The question may come to mind:  Why is the trade not paying more for equities now given the historically low level of interest rates?  It seems like the PE ratio should be much higher.

It is hard to directly answer this question, but here are a few ideas:

First, the market is well aware of the Fed Reserve’s actions to provide stimulus and artificially lower interest rates.   The market may see the Fed’s actions at transient and be reluctant to price a high PE ratio.  In other words, the market is actually priced at a much higher rate structure.

Second, investors have been burned by equities twice in the 2000’s with the financial crisis in 2008 and the bubble around 2000.  There has been a major investor shift to bonds in recent years.  Some of this psychology and investor shift may be showing up in a low PE ratio relative to interest rates.   Demographic factors could also be at work.  Baby boomers have aged and may be more defensive favoring fixed income, for example.

Third, the graphic displays the relationship between the 10 year treasury yield and the PE ratio, but the 10 year yield may not be the correct discount rate for equities.  The 10 year treasury is backed by the printing press of the U.S. government.  One could argue the quality of the government paper given the circus in Washington, but most textbooks view treasuries as the risk free rate.  There is an equity risk premium which is not displayed in the scatter chart.

There are times when the equity risk premium rises and periods when it falls.   When investors discount earnings to value a share, the discount rate is based on the risk free rate plus some risk premium.   The equity risk premiums changes over time.  It may be relative high in current times.  Certainly politicians across the Global have not been able to generate strong economic growth, regulation has been a burden, and the geopolitical land scape is uneasy. These factors argue for a high risk premium.

Fourth, since the PE ratio interest rate relationship gets “silly” at extremely low interest rates, the market may be just looking more at the average PE ratio to value stocks.  The current PE ratio on a GAAP basis is set to be about 17.8 at the end of Q3.  This is slightly above the longer term average which is just below 16.0. Going forward, the PE ratio is ripe to decline below average based on current profit estimates.

Fifth, it is possible that the equity market has “value” and is pricing caution.  This may open the door to higher returns in the coming years.  Put another way, the equity risk premium could shrink.  The scatter seems to suggest the PE ratio could easily be in the 20's given the current level of the 10 year treasury yield.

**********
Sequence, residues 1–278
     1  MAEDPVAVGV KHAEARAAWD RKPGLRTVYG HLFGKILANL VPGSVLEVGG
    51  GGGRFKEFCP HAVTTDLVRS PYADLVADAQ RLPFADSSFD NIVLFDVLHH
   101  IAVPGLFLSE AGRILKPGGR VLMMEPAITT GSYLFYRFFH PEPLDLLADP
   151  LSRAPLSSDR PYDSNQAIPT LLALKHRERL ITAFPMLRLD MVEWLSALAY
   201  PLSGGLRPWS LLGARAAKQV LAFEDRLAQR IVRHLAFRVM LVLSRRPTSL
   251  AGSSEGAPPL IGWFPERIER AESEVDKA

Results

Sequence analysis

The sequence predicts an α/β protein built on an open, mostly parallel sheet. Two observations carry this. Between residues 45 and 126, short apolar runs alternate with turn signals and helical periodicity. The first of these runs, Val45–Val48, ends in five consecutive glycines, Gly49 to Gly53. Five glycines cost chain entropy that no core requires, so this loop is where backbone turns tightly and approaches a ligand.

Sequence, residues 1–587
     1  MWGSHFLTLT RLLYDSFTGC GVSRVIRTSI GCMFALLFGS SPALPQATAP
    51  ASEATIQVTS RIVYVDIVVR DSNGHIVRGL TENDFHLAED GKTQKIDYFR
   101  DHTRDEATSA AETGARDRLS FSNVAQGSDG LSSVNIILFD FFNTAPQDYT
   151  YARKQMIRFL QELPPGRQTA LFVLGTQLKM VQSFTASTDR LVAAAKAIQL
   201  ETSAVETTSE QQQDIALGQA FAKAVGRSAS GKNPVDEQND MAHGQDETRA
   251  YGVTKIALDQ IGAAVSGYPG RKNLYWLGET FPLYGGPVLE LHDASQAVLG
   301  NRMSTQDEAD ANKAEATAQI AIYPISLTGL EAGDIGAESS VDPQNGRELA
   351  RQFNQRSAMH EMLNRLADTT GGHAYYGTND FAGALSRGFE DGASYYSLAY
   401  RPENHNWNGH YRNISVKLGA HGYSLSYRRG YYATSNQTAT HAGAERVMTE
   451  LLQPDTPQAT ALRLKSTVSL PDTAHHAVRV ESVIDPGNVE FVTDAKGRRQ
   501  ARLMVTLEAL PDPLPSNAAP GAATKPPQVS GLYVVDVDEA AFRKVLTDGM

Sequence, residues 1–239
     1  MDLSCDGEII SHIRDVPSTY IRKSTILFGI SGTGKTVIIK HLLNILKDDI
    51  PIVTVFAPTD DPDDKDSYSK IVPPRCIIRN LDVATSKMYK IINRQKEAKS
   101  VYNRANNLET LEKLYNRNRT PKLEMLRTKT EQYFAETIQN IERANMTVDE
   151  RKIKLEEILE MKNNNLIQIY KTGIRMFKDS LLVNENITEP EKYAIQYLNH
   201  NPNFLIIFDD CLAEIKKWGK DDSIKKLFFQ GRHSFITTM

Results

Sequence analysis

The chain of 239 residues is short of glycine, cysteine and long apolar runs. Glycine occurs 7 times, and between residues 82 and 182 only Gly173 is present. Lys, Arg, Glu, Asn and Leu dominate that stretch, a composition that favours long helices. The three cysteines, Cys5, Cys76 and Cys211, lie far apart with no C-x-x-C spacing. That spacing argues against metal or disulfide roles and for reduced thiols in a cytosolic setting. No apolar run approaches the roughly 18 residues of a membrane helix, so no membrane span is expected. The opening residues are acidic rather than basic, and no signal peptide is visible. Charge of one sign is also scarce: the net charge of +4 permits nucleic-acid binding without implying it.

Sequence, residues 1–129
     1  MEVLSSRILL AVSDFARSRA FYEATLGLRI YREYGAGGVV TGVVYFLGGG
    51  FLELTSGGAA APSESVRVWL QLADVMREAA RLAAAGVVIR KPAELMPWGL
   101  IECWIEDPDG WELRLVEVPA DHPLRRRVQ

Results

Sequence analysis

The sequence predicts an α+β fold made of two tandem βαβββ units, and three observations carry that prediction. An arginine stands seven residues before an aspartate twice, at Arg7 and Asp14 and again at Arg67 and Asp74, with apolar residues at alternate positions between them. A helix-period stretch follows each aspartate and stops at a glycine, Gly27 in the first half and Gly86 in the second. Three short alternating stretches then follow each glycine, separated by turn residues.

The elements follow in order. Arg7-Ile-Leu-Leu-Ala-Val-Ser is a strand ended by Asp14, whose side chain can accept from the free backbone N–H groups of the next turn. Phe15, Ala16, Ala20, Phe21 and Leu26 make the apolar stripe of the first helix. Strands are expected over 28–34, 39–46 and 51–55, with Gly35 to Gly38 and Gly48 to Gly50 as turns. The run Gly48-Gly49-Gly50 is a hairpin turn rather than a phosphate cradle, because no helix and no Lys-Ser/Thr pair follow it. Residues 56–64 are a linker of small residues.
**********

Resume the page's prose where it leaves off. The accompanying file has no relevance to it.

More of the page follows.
The fixed income market is also pricing more risk:

The spread between the Moody’s Baa corporate and the 10 year treasury was 2.70% a few days back.   A Moody’s Baa corporate is neither highly protected nor poorly secured. It is a median grade corporate note. Going back to 1970 and using monthly data, the spread has averaged 2.19% with a median of 2.06%.  Like the equity market, the corporate debt market seems to be cautious about embracing the low yield in the treasury market.   In other words, the risk premium in the corporate market also seems high compared to average.  The same result is present when using a ratio spread between the Baa and 10 year treasury in order to adjust for the rate structure.  The ratio spread was 2.02 compared to an average of 1.43 and a median of 1.30.

One might loosely, off the cuff, draw the conclusion that the corporate debt market thinks treasury yields are roughly 50 bps too low.  It is fair to think that the spread relationship would be near average with corporate profits expanding, the economy growing, and the rate structure low.

Summing it up:

The relationship between the 10 year treasury yield and the PE ratio on the S&P 500 is unstable overtime.  In theory, investors should pay more for stocks when rates are low and less for stocks when rates are high.  However, the equity risk premium tends to cloud the relationship between treasury yields and the PE ratio, and empirically speaking the relationship between stocks and interest rates is much looser than we would like to think. 

Stocks look cheap compared to the level of the 10 year treasury. This may be a piece of good news for stock bulls. An up in interest rates may not have as much of an impact on the market’s valuation as feared.  The outlook for earnings and the environment for economic growth may be much larger factors in stock market pricing in the coming months.